US Scientists ‘Cure’ Tinnitus in Animal Study?

A news article, published in The Daily Mail last Tuesday, claimed that a group of American scientists had ‘cured’ tinnitus in mice and that this breakthrough could potentially ‘pave the way’ for a human cure.[i]

What is Tinnitus?

According to the British Tinnitus Association:

‘Tinnitus is the term for the sensation of hearing a sound in the absence of any external sound. Symptoms of tinnitus are you may hear different types of sound, for example, ringing, whooshing or humming or buzzing in the ear. These can be continuous or they can come and go. The tinnitus might seem like it’s in one ear or both, in the middle of the head or even be difficult to pinpoint’.

Tinnitus is a subjective condition (i.e. there is no method of assessment), which is commonly alleged in conjunction with noise-induced hearing loss (NIHL) in industrial disease claimant pleadings.

In spite of subjectivity, the impact of increasing tinnitus severity on the value of occupational deafness claims is significant – see Chapter 5(B)(d) of the JC Guidelines (14th Edition) below:

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Nevertheless, the majority of people will suffer from mild and moderate grading of tinnitus; severe tinnitus is uncommon.

What Causes Tinnitus?

Tinnitus is associated with hearing loss, both conductive and sensorineural.

Sensorineural hearing loss, typically caused by the ageing process (Presbycusis) and prolonged exposure to excessive levels of noise, damages hair cells within the inner ear (the cochlea and/or auditory nerve).

Conductive hearing loss, typically caused by a build-up of wax, obstructs or damages the outer and/or middle ear.

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(Source: Wikimedia Commons)

Our hearing relies on vibrations reaching the cochlea. Vibrations ripple waves of cochlear fluid, which oscillate hair cells and open up microscopic stereocilia. Chemicals enter theses openings and the auditory (vestibulocochlear) nerve carries an electrical signal to the brain, which is converted into a sound that we recognise and understand.[ii]

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(Source: Wikimedia Commons)

Put simply, if there is obstruction/damage to the inner, middle, or outer ear, which prevents the transmission of information to the brainstem, then the brain will actively ‘seek out’ signals from working parts of the cochlea. These signals may become ‘over-represented’ and this over-representation is what we perceive as tinnitus.[iii]

Other factors associated with tinnitus include:

  • Hidden hearing loss;
  • Acoustic shock;
  • Meniere’s disease;
  • Paget’s disease;
  • Perforation of the eardrum;
  • Anaemia;
  • Diabetes;
  • Hypertension;
  • Hyperthyroidism;
  • Multiple Sclerosis;
  • Ototoxic (aminoglycoside, cytotoxic, loop diuretic) drug use;
  • Common (anti-malarial, aspirin, anti-hypersensitive, antihistamine, anti-inflammatory) drug use;
  • Solvent, drug and alcohol misuse;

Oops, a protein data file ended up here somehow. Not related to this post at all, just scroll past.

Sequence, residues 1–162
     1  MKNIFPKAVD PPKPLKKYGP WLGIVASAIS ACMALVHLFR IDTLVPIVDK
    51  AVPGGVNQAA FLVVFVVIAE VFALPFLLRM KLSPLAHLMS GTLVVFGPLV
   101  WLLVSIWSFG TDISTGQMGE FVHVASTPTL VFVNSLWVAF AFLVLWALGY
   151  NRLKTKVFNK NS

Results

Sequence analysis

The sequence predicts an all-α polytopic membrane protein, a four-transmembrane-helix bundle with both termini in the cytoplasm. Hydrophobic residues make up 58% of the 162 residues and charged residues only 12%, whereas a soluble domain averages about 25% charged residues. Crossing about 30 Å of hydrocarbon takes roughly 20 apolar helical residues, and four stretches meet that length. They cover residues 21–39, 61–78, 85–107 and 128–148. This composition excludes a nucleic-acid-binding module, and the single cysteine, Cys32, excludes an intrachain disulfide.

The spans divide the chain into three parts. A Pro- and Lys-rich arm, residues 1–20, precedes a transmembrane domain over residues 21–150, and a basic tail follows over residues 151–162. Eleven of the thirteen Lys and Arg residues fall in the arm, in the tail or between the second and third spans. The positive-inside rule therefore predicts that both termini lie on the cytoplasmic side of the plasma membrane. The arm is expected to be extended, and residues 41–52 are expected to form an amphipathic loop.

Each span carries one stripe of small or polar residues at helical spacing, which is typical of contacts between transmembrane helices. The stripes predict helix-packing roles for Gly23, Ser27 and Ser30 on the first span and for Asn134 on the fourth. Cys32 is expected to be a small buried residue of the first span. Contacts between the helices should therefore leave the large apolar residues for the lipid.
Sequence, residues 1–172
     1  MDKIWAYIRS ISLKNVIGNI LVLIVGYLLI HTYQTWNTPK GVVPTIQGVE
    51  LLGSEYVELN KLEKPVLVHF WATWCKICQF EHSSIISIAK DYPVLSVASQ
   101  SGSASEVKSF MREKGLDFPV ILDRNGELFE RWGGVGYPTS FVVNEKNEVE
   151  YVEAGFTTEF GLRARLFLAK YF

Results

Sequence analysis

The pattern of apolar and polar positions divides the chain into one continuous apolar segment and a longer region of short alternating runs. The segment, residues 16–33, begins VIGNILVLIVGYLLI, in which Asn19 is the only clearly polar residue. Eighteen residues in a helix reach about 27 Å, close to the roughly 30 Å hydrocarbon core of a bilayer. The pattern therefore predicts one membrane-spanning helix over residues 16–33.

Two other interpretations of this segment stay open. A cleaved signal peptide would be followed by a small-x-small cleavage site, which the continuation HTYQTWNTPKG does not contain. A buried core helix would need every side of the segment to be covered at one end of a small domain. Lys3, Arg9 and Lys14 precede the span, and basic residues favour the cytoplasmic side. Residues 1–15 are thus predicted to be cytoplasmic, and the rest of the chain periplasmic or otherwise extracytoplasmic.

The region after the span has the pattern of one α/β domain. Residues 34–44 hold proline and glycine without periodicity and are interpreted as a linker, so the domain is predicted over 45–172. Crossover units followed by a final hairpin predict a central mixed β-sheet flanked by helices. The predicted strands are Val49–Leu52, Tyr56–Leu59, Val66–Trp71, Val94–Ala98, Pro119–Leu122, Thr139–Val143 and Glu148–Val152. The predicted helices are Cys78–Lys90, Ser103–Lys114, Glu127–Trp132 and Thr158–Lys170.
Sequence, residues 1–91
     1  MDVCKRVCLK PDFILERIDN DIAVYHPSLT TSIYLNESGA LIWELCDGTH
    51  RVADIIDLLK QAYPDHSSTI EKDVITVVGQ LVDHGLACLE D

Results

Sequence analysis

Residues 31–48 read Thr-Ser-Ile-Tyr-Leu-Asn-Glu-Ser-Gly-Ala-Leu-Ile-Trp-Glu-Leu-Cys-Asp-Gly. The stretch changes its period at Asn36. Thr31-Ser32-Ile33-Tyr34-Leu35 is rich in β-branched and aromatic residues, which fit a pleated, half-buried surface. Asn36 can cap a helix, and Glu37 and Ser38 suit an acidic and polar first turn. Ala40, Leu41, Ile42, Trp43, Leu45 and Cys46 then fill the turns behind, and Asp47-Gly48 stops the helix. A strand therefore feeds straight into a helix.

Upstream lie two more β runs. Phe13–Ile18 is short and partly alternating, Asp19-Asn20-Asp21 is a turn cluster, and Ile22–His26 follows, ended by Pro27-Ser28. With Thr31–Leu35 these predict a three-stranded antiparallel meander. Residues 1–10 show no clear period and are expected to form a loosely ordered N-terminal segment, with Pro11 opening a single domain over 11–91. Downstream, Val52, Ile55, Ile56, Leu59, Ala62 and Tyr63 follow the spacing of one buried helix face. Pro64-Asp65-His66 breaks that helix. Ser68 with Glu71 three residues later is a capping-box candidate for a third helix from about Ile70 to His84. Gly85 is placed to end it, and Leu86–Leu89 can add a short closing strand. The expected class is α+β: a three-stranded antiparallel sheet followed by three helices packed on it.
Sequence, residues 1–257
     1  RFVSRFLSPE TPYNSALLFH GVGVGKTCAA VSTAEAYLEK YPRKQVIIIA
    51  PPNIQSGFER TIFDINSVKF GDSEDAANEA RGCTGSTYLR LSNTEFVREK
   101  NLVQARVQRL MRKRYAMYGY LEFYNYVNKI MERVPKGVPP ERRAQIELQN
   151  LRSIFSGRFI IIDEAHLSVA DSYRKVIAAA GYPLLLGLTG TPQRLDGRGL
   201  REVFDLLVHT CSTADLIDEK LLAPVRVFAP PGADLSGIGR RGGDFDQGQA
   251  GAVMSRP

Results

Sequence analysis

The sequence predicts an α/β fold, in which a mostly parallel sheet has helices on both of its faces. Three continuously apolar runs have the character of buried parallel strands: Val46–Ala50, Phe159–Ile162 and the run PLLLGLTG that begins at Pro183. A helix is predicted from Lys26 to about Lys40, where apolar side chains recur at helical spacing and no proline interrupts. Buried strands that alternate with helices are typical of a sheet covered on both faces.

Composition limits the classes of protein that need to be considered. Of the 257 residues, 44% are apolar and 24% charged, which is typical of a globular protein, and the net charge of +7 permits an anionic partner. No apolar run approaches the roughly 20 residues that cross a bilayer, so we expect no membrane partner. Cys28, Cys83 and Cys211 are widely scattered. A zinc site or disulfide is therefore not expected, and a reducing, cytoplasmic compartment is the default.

• Head injury;
  • Stress; and
  • Depression.

For more information on the condition, please read our earlier 2-part feature article (here and here), which was written by Solicitor and Head of BC Legal’s London Office, Ashley Collins.

A New Tinnitus Cure?

Until now, tinnitus has been deemed incurable, primarily because the mechanisms underlying hearing loss-related pathologies are poorly understood.

However, the latest academic paper, referred to in last week’s Daily Mail article and published in the PLoS Biology journal, claims to have discovered a working noise-induced tinnitus gene therapy.[iv]

Wang et al (2019) exposed a group of rodent test subjects to loud noise for 2 hours, inducing NIHL. They examined the effects and identified that the immune system’s natural response to hearing loss was for the auditory pathway to become inflamed. Specifically, the University of Arizona researchers identified 2 defining features of inflammation (‘elevated levels of molecules called proinflammatory cytokines and the activation of non-neuronal cells called microglia’) in the primary auditory cortex (sound-processing region).

Having targeted neuro-inflammation as a potential cause of tinnitus, the researchers attempted to block a molecule that disrupts communication between neurons, called TNF-A (tumor necrosis factor alpha).

In doing so, study co-author and neuroscientist, Dr Shaowen Bao, explained that:

‘... pharmacologically blocking its [TNF-A] expression prevented neuro-inflammation and ameliorated the behaviour associated with tinnitus in mice with noise induced hearing loss’.

Although it has been proposed that successful gene therapy in animals may be replicated in humans, the potential adverse effects must be thoroughly investigated before human trials can commence.

 

[i] ‘Drug to reduce brain inflammation CURED tinnitus in mice - paving the way towards a pill for humans’ (18 June 2019 Daily Mail) <https://www.dailymail.co.uk/health/article-7155337/Drug-reduce-brain-inflammation-CURED-tinnitus-mice-paving-way-pill-humans.html> accessed 26 June 2019.

[ii] ‘How Do We Hear?’ (3 January 2018 NIH) <https://www.nidcd.nih.gov/health/how-do-we-hear> accessed 26 June 2019.

[iii] ‘Tinnitus’ (NHS Direct Wales) <https://www.nhsdirect.wales.nhs.uk/Encyclopaedia/t/article/tinnitus/> accessed 26 June 2019.

[iv] Wang W et al., Neuroinflammation mediates noise-induced synaptic imbalance and tinnitus in rodent models. PLoS Biol. 2019 Jun 18;17(6):e3000307. <https://journals.plos.org/plosbiology/article/file?id=10.1371/journal.pbio.3000307&type=printable> accessed 26 June 2019.